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An Alzheimer’s affair: The good, bad, and ugly

Should we be surprised that Sandra Day O’Connor is not jealous of her husband’s recent affair with a fellow Alzheimer’s patient? TODAY psychiatrist Dr. Gail Saltz looks at how this is no ordinary case of infidelity.
/ Source: TODAY contributor

It was recently revealed that Sandra Day O’Connor’s husband, John, has struck up a romance with a fellow Alzheimer’s patient after moving into an assisted living center. The retired Supreme Court justice says she isn’t jealous of “the other woman” — rather, she's just glad that he is comfortable. Psychiatrist Dr. Gail Saltz provides insight into this turn of events.

It is likely that more than a few people are wondering why a married man in an assisted living home would strike up a sudden romance and even more so why his wife may not be very upset about it. This is a psychologically complicated situation. While Alzheimer’s disease does ravage memory, mood and the ability to care for oneself, it does not necessarily interfere with libido or the need for intimacy.

This is why, in fact, it is not that unusual for people living in either assisted living or a nursing home to “find love.” Particularly in the phases of the disease where patients have an awareness of their declining state, they may long for companionship to make them feel connected, understood and alive. Few things make one feel more alive than romance, and when you know at some level that you have a terminal illness, the desire to battle back your fears of death with feelings of vitality and excitement are great. Romance is a good defense against anxiety about mortality. It is also not unusual for a person in an assisted living situation to feel “abandoned” by their spouse, even when they also understand that their spouse could really no longer manage to care for them at home. Such feelings of abandonment can lead to a strong desire to connect with another to nurture their own feelings of hurt. In addition, Alzheimer’s can affect one’s judgment and ability to consider the consequences of one's actions. It is likely that John really does not perceive at this point that he is betraying Sandra and also likely that she understands this.

Caring for someone with Alzheimer’s is incredibly stressful and difficult. Watching the man you love slowly but surely lose his mental faculties is excruciating. Having to constantly be vigilant and watchful is exhausting and “caregiver burnout” is more the rule than the exception. The caregiver often becomes fatigued and depressed. Anything that lifts that burden may be welcomed — even your husband having an affair. The wish to see your impaired partner happy and not feel that all their happiness is dependent on you, is enough to make you accepting of some situations that would never have been acceptable before.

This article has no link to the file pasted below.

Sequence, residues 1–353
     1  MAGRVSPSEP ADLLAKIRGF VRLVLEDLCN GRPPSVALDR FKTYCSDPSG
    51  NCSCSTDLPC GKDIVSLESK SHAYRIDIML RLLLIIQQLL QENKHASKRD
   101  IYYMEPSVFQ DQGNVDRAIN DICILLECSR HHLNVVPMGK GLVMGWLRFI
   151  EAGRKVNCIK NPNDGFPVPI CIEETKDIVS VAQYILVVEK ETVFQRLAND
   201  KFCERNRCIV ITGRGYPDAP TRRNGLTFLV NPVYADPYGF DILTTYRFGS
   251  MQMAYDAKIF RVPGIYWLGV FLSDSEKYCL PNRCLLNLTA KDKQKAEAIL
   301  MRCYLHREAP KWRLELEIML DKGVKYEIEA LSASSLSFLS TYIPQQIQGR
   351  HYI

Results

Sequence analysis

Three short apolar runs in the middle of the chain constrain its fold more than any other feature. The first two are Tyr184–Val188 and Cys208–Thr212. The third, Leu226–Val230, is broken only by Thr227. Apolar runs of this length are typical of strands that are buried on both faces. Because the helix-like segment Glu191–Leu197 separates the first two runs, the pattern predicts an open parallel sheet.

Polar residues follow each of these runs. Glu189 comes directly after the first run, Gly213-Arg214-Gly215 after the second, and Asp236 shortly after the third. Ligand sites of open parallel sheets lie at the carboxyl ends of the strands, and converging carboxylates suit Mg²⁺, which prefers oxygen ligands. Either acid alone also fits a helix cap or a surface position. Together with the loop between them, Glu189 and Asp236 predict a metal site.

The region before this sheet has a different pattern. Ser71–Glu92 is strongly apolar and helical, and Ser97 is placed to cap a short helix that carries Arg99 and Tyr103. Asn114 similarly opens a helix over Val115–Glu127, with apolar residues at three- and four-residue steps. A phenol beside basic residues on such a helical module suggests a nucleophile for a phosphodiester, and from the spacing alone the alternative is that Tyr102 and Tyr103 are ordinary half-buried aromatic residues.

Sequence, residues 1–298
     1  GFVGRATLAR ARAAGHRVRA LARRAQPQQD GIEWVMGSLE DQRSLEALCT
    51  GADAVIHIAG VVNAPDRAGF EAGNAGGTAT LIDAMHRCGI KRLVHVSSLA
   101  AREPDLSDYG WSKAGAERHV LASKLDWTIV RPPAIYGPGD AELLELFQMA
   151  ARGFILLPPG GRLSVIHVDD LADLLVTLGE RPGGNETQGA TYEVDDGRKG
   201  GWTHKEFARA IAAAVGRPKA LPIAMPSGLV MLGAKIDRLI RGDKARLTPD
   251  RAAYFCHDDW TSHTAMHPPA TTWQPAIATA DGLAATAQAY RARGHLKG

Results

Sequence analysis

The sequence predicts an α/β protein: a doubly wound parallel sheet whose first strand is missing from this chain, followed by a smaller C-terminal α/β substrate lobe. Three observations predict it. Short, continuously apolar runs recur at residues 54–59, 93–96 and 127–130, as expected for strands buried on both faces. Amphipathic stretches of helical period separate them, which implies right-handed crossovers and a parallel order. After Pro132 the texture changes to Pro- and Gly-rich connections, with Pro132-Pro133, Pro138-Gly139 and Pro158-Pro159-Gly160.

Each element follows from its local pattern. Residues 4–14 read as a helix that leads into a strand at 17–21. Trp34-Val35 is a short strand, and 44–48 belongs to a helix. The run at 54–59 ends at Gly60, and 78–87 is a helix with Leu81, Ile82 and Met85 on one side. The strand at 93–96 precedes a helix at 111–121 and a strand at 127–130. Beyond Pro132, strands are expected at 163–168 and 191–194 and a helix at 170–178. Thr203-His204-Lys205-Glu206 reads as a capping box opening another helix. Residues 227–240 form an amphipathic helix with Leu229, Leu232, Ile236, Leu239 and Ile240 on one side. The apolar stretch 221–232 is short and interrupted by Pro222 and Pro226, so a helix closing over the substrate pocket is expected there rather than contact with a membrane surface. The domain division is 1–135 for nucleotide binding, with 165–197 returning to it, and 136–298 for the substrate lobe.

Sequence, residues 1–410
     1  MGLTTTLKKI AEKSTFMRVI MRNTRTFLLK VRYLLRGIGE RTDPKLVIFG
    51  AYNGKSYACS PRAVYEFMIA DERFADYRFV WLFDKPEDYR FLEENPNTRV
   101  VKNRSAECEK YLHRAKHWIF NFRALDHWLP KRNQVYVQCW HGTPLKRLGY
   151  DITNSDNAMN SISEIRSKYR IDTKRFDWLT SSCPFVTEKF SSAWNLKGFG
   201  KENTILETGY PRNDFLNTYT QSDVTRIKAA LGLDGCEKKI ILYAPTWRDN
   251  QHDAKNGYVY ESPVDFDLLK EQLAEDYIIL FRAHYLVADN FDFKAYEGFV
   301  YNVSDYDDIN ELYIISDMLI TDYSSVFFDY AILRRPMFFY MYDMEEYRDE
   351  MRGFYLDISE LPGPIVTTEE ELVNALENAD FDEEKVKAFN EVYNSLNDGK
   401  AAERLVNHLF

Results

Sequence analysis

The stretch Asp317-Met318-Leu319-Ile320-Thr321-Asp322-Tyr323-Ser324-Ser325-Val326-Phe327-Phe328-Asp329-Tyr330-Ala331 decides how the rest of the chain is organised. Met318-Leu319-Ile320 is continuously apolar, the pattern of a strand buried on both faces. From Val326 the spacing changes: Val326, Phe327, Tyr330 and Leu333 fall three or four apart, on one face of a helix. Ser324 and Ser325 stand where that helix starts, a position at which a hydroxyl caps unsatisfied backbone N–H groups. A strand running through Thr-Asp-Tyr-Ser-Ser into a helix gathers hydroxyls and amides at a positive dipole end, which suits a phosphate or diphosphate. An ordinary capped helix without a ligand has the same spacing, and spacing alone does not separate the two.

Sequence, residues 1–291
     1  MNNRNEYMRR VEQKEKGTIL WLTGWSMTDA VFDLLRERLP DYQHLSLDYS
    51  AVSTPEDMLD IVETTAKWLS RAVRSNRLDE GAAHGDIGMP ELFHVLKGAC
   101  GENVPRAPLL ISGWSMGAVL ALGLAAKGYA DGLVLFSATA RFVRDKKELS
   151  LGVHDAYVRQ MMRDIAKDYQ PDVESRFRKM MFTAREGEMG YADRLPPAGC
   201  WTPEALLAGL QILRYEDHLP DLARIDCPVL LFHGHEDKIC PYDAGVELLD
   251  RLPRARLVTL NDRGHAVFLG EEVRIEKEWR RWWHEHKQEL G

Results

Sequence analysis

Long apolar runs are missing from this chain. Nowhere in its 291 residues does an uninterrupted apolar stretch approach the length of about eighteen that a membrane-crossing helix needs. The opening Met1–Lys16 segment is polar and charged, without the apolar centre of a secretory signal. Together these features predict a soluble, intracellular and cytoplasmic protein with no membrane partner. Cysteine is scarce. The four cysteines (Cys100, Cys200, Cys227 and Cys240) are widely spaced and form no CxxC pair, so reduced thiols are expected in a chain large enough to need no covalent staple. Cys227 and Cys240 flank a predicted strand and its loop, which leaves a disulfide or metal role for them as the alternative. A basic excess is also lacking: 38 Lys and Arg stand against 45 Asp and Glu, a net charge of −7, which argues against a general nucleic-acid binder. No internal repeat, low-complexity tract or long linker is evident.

The truth is, we as a society are still not very good at helping couples dealing with Alzheimer’s disease. We need better systems of evaluating both the patients and the caregivers for depression. We need to teach better systems of managing symptoms. And we need more support systems so that caregivers can get a break in an otherwise overwhelming task. No doubt, the O’Connors have done the best they could under very difficult circumstances. While Sandra was one of the most important judges of this century, this is a situation where we best not judge her or her family. Alzheimer’s is a ravaging disease that attacks the organ we prize most — our mind.

Dr. Gail Saltz is a psychiatrist with New York Presbyterian Hospital and a regular contributor to TODAY. Her latest book is “Anatomy of a Secret Life: The Psychology of Living a Lie.” She is also the author of “Amazing You! Getting Smart About Your Private Parts,” which helps parents deal with preschoolers’ questions about sex and reproduction. Her first book, “Becoming Real: Overcoming the Stories We Tell Ourselves That Hold Us Back,” was published in 2004 by Riverhead Books. It is now available in a paperback version. For more information, you can visit her Web site, .